This webinar provided an overview of HB 589, Competitive Energy Solutions for NC, and situated the bill within the larger energy and renewables landscape of the state. In addition to discussing the policy and philosophy differences between how PURPA has been implemented to date and HB 589, the webinar included a detailed overview of the statute and the practical implications of implementing HB 589 – what has changed, what open questions remain, who will benefit, and the likely processes that will be used.  Current rulemaking by the North Carolina Utilities Commission relating to renewables as also discussed, including the competitive bid process. 

2017 JOLT Symposium: The Impact of Demand Response Technology on the Electricity Sector

CE3 co-hosted the 2017 North Carolina Journal of Law and Technology Symposium.  Held on February 24, 2017, the symposium brought together an outstanding group of experts to discuss the impact of smart metering, smart solar inverters, new storage systems, and other demand response technology on the electricity sector. It has already been demonstrated in Texas that a combination of smart metering coupled with time of day economic incentives on electricity prices can significantly alter and shift the demand for electricity. The use of smart metering also has potentially significant economic and environmental impacts. Time shift in the use of electricity has the potential of promoting significant economic efficiencies because the cost of producing electricity varies within the day, time of year, and availability of intermittent sources. Additionally, smart metering also has significant environmental impacts because of the potential ability to alter demand to availability of renewable sources. 

Panel topics included connection between demand response devices and competitive markets; the role of Public Utility Commissions in traditionally regulated states in encouraging alternative pricing and availability of demand response devices; the importance of demand response devices to the continued penetration of renewable energy and less need for back-up generation; the integration of demand response devices with other technological and computing control; and the role and use of electric utility “push or control” devices outside of the customers control.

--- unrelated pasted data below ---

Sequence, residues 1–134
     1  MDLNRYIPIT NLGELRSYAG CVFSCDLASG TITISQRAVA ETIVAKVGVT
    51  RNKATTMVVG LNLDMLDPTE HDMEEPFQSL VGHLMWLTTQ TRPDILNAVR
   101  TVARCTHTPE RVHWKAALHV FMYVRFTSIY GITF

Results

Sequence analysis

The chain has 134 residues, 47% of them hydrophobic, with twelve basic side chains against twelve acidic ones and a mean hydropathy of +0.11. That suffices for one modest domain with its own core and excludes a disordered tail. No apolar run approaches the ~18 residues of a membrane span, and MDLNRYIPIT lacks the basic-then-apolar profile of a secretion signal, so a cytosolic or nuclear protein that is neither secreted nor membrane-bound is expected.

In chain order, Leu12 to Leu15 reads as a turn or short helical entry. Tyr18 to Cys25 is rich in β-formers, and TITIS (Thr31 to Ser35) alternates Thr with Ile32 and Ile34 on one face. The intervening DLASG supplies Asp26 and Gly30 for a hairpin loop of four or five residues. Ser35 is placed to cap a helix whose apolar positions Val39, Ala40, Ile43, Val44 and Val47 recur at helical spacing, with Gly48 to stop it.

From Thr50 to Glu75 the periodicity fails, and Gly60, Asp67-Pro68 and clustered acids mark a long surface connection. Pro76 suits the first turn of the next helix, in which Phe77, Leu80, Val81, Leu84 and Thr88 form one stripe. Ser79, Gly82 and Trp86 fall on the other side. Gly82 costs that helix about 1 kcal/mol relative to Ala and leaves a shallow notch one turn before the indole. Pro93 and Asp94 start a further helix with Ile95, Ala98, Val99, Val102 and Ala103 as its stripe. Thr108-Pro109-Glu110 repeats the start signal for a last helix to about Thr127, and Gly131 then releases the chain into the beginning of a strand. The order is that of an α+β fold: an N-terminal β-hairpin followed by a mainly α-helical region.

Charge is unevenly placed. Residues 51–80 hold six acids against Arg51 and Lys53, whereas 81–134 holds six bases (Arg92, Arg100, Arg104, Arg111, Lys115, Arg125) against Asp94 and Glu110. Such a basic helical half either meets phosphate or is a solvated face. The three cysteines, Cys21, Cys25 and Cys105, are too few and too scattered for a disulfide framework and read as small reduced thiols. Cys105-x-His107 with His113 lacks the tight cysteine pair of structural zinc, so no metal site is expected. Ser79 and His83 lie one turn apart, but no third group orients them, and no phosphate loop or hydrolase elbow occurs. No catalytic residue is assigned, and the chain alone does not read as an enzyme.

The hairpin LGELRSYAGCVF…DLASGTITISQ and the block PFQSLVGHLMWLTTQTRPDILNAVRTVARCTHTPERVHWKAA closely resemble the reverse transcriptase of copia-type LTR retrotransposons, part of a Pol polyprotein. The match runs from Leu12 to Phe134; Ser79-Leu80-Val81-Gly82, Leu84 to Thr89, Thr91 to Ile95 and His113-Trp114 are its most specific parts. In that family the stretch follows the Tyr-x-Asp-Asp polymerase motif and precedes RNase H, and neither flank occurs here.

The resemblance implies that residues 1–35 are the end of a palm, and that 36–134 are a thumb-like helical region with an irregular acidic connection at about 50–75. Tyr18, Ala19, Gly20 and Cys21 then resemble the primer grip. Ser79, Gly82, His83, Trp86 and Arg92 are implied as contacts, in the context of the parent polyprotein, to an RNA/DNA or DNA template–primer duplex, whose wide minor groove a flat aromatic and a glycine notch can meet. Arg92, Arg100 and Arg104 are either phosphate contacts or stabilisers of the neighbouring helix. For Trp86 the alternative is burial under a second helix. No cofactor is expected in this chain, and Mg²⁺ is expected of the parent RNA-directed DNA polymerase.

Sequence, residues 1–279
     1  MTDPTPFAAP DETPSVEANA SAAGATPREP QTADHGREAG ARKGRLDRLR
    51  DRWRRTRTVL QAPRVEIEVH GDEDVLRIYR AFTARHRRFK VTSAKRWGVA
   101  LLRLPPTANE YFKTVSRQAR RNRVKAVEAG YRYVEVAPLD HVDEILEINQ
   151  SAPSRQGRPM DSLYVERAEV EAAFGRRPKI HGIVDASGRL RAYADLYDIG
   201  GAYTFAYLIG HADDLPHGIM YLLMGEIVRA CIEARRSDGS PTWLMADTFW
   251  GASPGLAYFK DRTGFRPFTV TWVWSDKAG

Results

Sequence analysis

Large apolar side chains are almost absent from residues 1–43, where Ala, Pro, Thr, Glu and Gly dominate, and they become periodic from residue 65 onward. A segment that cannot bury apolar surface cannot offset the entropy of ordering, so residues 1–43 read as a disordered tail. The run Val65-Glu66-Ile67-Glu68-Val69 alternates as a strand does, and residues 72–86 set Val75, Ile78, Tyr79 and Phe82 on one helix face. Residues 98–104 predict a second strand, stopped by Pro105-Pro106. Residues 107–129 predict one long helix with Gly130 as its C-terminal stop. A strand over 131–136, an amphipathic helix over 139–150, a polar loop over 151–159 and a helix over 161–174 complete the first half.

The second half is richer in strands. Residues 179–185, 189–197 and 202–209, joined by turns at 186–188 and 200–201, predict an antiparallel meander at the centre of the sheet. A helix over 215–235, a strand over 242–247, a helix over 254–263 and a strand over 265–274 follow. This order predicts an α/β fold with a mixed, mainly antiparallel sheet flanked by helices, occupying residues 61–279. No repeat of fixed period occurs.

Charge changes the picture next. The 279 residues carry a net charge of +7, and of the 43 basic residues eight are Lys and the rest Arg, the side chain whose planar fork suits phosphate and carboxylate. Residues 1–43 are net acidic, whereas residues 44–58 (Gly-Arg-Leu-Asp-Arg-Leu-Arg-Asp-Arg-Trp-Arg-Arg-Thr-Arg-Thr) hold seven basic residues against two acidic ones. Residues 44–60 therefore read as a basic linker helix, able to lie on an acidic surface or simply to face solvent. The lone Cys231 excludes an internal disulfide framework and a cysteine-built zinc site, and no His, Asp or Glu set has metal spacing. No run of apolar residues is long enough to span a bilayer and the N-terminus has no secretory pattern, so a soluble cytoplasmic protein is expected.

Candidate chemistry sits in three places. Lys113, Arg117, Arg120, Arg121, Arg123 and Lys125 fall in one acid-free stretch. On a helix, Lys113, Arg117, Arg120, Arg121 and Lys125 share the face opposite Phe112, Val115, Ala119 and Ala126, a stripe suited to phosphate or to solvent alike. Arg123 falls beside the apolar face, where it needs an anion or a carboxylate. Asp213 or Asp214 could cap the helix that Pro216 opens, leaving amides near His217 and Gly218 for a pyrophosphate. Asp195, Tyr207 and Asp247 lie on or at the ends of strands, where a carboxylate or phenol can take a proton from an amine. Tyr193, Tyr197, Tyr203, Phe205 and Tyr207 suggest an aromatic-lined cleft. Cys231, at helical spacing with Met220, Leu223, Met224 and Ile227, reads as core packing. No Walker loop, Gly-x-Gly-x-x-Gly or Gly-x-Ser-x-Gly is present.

Symposium resources:

Victor Flatt and Heather Payne Webinar on "Not One Without The Other"

The debate about the importance and cost of environmental protection and its impact on energy sources and utilization has grown since the inauguration of the Trump Administration.  On February 27, 2017, CE3 hosted a webinar with Victor Flatt and Heather Payne discussing their article, "Not One Without the Other," and their findings concerning the historic prioritization of environmental protection, jobs, and other important values in statutes. The article was originally published in 2015 in Environmental Law. It makes the case that environmental, energy, and economic policy must be considered simultaneously and reviews statutory prioritization to provide some guidance on relative importance of values. Professor David Ardia of UNC School of Law and UNC School of Media and Journalism moderated the conversation.

Edited versions discussing the core values at work in environmental law and the importance of transparency are also available.  

UNC School of Law | Van Hecke-Wettach Hall | 160 Ridge Road, CB #3380 | Chapel Hill, NC 27599-3380 | 919.962.5106 | Accessibility

If you are seeing this, you are either using a non-graphical browser or Netscape 4.x (4.7, 4.8, etc.) and this page appears very plain. If you are using a 4.x version of Netscape, this site is fully functional but lacks styles and optimizations available in other browsers. For full functionality, please upgrade your browser to the latest version of Internet Explorer or Firefox.